Going forward, this can establish a precedent as organizations challenge discriminatory laws in court, and offer protection against discrimination in places such as the workforce.

This could even deliver a death blow to an oppressive and controversial law in the Indian Penal Code. Section 377 is a law that limits a citizen’s right to express their gender identity or sexual orientation in consensual relationships. In 2013, another panel of the Supreme Court upheld Section 377.

India’s traditional culture can make it difficult for people who are LGBTQ to be open about their orientation, but some are still challenging the country’s norms. Prince Manvendra Singh Gohil came out in 2006, making him the country’s first openly gay prince. Since then, he has been fighting for the Indian LGBTQ community.

Prince Manvendra started a grassroots campaign in 2014 called “Free Gay India” to campaign for LGBTQ rights. He has put a spotlight on the oppression as a guest on “The Oprah Winfrey Show” and was recently on an episode of “Keeping Up With The Kardashians.”

“I knew that my coming out would definitely make a difference,” the prince told the Kardashian family. “When people found out about me, they set up a bonfire and burned my effigies in it.”



Being LGBTQ and Indian

If Kinsey was right, there are anywhere between 50 and 100 million people in India who are LGBTQ. But the number of people who came out to all the Pride marches in India last year? About 5,000. And that includes not only queer people but their allies and supporters.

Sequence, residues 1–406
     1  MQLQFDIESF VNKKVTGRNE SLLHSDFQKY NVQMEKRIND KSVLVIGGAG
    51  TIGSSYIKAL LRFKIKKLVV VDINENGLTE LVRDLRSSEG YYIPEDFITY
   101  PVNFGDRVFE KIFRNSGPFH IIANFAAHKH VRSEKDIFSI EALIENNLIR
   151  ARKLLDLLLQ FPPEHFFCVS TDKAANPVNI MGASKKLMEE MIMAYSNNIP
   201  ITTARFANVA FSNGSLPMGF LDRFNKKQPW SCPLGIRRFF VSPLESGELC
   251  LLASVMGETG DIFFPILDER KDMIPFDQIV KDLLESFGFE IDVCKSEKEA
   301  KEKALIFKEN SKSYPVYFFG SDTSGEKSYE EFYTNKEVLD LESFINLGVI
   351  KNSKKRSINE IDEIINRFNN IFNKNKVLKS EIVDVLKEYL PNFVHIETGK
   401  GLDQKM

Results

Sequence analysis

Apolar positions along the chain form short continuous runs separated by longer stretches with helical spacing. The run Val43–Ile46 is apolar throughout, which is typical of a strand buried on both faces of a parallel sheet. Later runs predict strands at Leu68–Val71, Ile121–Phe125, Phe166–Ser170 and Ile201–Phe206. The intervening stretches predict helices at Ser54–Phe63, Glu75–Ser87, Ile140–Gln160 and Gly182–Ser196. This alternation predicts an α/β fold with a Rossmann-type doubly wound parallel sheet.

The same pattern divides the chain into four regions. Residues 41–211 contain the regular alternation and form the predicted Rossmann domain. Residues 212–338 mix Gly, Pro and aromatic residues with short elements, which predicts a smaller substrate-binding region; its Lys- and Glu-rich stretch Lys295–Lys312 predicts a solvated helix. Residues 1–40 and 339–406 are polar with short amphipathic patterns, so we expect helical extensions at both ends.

Beliefs in the Western origins of homosexuality are also widespread and intransigent. Ironically, however, it is tolerance of homosexuality that is beginning to be imported into India. And what is the biggest engine of change? Cinema.

Bollywood is the entertainment of choice for over 1 billion people. That means that, in global terms, it influences the lives and attitudes of a tremendous number of people. And Bollywood stars, too, have a god-like stature, at least in India.

So the question is not if but how and when Bollywood will play a role changing attitudes toward LGBTQ rights in India. The time is ripe for social change. And LGBTQ rights are an issue close to the hearts of many in the Bollywood film industry. The question is one of courage and, of course, the timing of that courage. But change is coming in India.